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A Nest of Robins: Watching and Waiting

The nest provides a lesson in the value of patience, and the chance to capture the perfect photo

By Jill Smolowe

The friend in my life who has traveled most widely, visiting some of the most remote and exotic natural habitats on the globe, is the same friend who has spent the most hours, camera in hand, waiting to capture the perfect shot. Her photos of ring tail lemurs, bathing rhinos and endangered sifakas (another variety of lemur) are spectacular.

A mother Robin feeding two babies. Next Avenue, Birds
The nest outside the writer's window  |  Credit: Jill Smolowe

My admiration for my friend's intrepid spirit is unbounded. But my understanding of her desire to hang out for hours, waiting to take a picture? Zero.

That is, until recently.

Each time I passed the window, I glanced out to see if the mama-in-waiting had budged.

A few weeks ago, my husband and I noticed a nest in a tree outside our bedroom window at our country house in the Berkshire Mountains of Massachusetts. We'd been so mesmerized by the busy pair of hummingbirds sucking up the sugar-and-water mix in the feeder on our front deck that we hadn't noticed the nest-building activity.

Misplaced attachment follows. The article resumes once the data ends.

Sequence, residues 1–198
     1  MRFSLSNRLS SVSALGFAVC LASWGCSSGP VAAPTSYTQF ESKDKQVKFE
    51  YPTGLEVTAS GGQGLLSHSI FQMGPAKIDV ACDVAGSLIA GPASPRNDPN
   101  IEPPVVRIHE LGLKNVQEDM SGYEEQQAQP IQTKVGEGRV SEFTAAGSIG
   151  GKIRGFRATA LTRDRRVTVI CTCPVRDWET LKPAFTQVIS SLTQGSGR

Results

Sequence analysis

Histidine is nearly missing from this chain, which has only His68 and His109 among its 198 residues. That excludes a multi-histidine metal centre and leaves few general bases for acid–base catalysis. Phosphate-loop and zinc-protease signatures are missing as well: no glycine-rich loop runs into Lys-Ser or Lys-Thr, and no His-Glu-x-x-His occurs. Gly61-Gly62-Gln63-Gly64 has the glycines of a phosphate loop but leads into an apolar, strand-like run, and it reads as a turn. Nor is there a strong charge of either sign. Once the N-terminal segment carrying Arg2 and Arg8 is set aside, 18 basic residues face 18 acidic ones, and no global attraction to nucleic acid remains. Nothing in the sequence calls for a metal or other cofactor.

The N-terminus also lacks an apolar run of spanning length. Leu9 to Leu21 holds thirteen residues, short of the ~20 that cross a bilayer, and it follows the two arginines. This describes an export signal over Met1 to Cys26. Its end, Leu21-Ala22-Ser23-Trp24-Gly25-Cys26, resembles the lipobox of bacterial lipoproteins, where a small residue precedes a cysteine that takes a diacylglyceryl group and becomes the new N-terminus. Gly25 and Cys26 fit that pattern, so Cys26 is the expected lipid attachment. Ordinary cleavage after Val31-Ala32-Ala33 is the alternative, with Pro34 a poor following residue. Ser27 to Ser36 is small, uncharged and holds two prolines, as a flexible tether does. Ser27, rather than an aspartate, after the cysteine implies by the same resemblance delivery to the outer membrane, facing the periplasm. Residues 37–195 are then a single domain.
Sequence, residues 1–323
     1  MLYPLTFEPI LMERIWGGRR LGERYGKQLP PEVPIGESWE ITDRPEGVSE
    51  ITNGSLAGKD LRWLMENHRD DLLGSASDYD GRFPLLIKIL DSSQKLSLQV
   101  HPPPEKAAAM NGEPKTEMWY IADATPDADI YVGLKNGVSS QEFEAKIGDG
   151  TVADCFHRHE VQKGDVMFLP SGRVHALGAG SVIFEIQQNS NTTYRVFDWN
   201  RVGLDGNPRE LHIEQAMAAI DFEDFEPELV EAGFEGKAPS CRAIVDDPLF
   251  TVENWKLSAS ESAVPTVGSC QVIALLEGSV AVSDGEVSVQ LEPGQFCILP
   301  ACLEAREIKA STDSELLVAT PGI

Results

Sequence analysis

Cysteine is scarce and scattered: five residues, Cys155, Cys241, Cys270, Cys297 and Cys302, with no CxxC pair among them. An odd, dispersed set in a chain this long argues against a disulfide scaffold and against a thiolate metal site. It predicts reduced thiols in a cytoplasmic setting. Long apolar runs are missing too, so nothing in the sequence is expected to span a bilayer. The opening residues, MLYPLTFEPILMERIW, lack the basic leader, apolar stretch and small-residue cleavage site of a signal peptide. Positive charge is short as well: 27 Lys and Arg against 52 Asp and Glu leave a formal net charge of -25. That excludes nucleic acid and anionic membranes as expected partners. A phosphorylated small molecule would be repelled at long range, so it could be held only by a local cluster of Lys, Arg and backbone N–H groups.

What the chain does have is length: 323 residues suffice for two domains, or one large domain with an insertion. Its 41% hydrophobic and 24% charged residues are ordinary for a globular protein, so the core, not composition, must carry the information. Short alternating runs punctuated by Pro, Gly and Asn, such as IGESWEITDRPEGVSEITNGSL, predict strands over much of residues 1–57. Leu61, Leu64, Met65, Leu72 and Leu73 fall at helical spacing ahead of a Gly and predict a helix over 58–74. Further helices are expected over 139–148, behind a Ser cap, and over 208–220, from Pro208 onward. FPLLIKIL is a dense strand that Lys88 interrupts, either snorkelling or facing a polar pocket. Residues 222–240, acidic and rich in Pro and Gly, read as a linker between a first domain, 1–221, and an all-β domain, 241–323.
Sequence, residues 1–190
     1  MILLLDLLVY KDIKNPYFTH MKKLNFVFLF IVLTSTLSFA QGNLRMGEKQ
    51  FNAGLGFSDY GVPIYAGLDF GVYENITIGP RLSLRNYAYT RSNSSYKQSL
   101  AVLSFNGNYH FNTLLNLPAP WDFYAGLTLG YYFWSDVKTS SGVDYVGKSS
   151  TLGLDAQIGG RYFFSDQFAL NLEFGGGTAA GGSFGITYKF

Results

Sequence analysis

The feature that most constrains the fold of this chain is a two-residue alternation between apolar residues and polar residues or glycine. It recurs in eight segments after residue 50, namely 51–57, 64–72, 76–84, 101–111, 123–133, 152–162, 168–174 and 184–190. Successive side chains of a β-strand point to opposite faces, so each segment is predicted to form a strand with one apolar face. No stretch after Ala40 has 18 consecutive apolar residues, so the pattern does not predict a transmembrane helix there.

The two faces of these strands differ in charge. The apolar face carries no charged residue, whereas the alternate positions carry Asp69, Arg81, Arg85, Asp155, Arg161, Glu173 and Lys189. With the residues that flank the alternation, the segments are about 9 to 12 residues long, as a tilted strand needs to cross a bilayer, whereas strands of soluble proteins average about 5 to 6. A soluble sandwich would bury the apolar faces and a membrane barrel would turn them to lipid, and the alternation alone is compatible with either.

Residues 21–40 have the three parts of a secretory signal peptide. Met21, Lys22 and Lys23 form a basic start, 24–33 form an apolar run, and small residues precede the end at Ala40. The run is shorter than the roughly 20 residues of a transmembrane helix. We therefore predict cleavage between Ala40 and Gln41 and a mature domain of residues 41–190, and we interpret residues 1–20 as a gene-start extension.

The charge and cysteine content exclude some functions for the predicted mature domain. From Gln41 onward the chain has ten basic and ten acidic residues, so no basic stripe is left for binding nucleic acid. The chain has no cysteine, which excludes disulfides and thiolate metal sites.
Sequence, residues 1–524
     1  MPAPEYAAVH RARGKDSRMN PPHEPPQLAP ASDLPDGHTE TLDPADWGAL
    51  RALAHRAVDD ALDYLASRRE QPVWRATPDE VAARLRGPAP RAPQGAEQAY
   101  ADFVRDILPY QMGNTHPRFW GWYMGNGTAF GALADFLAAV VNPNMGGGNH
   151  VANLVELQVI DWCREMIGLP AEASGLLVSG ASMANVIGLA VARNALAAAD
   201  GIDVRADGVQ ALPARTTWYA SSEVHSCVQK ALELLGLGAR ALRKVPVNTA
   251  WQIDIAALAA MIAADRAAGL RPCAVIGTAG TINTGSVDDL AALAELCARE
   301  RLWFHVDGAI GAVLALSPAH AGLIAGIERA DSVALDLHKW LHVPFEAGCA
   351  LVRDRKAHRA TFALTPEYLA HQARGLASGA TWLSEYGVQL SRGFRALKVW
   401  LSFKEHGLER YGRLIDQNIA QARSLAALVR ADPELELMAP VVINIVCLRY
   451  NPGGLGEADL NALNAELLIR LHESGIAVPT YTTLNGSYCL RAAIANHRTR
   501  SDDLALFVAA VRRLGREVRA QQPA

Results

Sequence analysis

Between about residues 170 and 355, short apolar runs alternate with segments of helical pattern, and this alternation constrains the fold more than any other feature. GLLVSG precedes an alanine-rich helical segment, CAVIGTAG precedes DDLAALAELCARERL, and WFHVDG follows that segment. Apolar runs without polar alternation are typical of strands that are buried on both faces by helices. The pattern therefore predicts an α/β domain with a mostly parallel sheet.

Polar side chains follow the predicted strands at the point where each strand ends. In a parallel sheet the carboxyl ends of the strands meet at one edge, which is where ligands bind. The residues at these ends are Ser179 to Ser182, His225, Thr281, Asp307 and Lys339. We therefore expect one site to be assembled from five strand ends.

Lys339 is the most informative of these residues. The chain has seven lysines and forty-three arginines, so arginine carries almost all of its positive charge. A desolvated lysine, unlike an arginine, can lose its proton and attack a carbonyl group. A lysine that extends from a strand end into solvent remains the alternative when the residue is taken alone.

Supreme Patience

Beyond noting the elaborate design, neither of us paid the nest much mind. We know nothing about nest construction, so we hadn't a clue what sort of bird had put in the tenacious labor. Indeed, we're so nature-illiterate that I can't even tell you what sort of tree it's perched in. (Yeah, yeah, I tried the app that identifies trees. Got nowhere with it.)

Anyway, last weekend when Bob and I returned to the house, we saw a bird sitting in the nest. Even for those of us woefully unversed in the ABCs of the natural world, the red breast was a dead giveaway: a robin.

Each time I passed the window, I glanced out to see if the mama-in-waiting had budged. Nope. Supreme patience, that one.

When we returned this weekend (which is to say at midweek, our definition of "weekend" growing ever more liberal as the summer progresses), I went straight to the bedroom window to see how the mama was doing.

Instead, I was greeted by a delightful sight: four fuzzy gray heads poking just over the rim of the nest, four sets of beaks opened wide.

The Pace of the Drama Quickened

Unlike their mother, I had no patience. With a shrug, I left the bedroom to unload the car, put away food, open up windows. I returned to the bedroom just in time to catch mama depositing a wriggling worm into one of the pairs of beaks.